Whilst digital marketing is the present and the future, let’s have a little look at its history.

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The Data Visualisation Revolution – From Plotting Distance to Digital Humanities

Data visualistion example - graphs on laptop

│By Emily Priest, Digital Marketing Masters student at the University of Portsmouth│

At first glance, data visualisation and Digital Humanities can seem complex and technical, but both offer significant possibilities to students, researchers and business professionals (the latter is also significant to students, as many are interested in increasing their future employability!) Whilst you may not feel particularly familiar with these terms, the data revolution is already here! So, buckle up and join me as we take a ride through the history and current applications of data visualisation and Digital Humanities!

Simplistically, data visualisation is the use of graphics and images to present data sets. Common examples include pie charts, word clouds and line graphs. Over the years, these visualisation techniques have become increasingly common – and increasingly complex. Whilst they have contributed to the emerging discipline of Digital Humanities, the term Digital Humanities refers to more than simply visualising data. Keeping Humanities at its heart, Digital Humanities leverages data visualisation to expand and deepen the traditional analysis that takes place within these disciplines.

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“Whoever Expected Prophets to Agree?” – Predicting the Future One Hundred Years Ago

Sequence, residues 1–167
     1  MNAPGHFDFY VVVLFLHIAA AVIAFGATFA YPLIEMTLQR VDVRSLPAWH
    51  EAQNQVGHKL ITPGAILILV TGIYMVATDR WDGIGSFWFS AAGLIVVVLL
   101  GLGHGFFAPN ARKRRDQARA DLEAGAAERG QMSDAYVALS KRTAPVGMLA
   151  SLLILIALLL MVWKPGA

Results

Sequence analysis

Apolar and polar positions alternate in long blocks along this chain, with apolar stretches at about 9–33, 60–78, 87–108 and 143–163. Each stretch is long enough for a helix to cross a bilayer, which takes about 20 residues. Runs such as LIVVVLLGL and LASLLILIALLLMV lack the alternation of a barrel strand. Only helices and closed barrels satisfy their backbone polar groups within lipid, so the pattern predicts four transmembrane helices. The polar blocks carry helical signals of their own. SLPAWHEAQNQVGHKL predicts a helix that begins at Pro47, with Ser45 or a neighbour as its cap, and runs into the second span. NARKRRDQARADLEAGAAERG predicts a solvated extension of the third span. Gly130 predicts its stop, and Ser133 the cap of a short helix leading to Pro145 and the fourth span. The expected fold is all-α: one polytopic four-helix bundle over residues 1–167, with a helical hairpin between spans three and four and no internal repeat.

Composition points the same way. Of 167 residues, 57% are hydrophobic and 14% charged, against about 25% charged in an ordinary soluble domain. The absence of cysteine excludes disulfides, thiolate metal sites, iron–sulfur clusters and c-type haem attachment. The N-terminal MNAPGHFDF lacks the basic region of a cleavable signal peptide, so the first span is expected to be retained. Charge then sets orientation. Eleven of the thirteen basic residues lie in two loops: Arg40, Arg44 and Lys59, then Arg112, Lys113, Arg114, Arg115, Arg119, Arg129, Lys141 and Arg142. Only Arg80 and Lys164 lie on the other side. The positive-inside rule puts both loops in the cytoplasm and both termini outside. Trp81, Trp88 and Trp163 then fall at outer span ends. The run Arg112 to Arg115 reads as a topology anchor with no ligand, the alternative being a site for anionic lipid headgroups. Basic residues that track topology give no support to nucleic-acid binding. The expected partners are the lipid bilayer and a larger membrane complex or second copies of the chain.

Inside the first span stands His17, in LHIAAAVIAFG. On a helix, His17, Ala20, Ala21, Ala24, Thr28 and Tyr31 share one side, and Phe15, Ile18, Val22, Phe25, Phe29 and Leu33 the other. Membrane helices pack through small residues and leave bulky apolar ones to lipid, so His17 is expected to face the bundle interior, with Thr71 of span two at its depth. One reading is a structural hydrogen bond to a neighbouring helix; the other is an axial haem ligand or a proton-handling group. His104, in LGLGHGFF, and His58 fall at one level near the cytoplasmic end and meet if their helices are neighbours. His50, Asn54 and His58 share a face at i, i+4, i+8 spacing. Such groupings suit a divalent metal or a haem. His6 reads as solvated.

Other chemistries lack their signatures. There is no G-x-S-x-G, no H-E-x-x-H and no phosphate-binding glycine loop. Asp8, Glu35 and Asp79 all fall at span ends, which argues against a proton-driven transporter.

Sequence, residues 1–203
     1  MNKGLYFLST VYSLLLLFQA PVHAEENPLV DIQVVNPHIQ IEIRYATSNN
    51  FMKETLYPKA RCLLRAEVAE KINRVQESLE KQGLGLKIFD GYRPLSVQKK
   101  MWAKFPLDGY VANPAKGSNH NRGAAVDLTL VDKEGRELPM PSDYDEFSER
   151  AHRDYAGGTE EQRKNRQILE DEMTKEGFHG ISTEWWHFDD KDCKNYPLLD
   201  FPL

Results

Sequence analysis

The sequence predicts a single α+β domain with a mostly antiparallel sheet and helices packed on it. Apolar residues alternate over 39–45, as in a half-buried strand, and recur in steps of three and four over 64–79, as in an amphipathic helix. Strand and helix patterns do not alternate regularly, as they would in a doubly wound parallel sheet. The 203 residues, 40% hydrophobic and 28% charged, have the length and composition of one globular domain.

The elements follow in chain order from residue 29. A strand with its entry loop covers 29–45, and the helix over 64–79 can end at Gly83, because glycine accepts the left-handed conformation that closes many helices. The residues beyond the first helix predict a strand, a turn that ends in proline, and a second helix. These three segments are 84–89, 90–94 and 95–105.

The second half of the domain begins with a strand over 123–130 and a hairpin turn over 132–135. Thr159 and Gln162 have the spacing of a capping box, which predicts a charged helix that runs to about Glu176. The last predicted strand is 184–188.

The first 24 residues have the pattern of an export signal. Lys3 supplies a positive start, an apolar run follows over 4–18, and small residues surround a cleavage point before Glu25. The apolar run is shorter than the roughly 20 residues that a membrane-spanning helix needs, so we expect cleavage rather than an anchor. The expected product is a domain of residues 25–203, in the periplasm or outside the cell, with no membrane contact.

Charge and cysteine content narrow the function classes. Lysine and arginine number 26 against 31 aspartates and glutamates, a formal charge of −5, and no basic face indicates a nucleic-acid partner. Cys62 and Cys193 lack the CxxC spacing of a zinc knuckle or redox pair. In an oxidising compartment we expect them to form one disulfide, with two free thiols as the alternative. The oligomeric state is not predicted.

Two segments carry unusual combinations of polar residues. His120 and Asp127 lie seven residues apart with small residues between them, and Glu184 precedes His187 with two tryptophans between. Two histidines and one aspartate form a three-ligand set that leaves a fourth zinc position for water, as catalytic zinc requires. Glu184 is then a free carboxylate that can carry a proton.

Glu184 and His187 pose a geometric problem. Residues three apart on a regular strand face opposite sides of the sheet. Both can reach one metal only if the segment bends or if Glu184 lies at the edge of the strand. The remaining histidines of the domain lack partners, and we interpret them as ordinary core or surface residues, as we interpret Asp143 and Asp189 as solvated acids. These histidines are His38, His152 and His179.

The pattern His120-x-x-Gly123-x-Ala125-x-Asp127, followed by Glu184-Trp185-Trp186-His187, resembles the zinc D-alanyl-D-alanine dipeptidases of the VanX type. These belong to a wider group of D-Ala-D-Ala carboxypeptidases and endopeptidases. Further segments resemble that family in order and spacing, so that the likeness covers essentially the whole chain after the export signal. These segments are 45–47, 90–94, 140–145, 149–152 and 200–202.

: New aeroplane designs shown off at the 1920 International Aircraft Exhibition in Paris

│by Matthew Trenholm, Gale Ambassador at the University of Exeter│

In my last blog, I chose to focus on one Gale archive, Nineteenth Century Collections Online, but this time I wanted to demonstrate the full power of the Gale Primary Sources platform by looking at one topic across many archives simultaneously. The topic I have chosen is “the future” and what people a century ago believed it would look like. “The future” is an idea that is still endlessly debated, from dire warnings to wonderful promises; there is always something to discuss and the same was true a century ago. So, let’s jump into the archives and take a look at what the prophets of 1920 were saying!

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What will defy, embrace or become a disruption in scholarly publishing?

Thoughts from BookMachine’s latest event ‘Scholarly Publishing: Crossing the Rubicon’
The Jam Factory, Oxford, 7 September 2017

Last Thursday, as I trundled slowly towards Oxford (kicking myself for accidentally catching a slow train – who knew there were quite so many stations between Reading and Oxford?!) I wondered what was in store at BookMachine’s latest event, ‘Scholarly Publishing: Crossing the Rubicon’. The venue, The Jam Factory, Oxford, was alive with conversation and had a very welcoming atmosphere. Winding my way through tables of busily socialising people, I found the room where the discussion was taking place.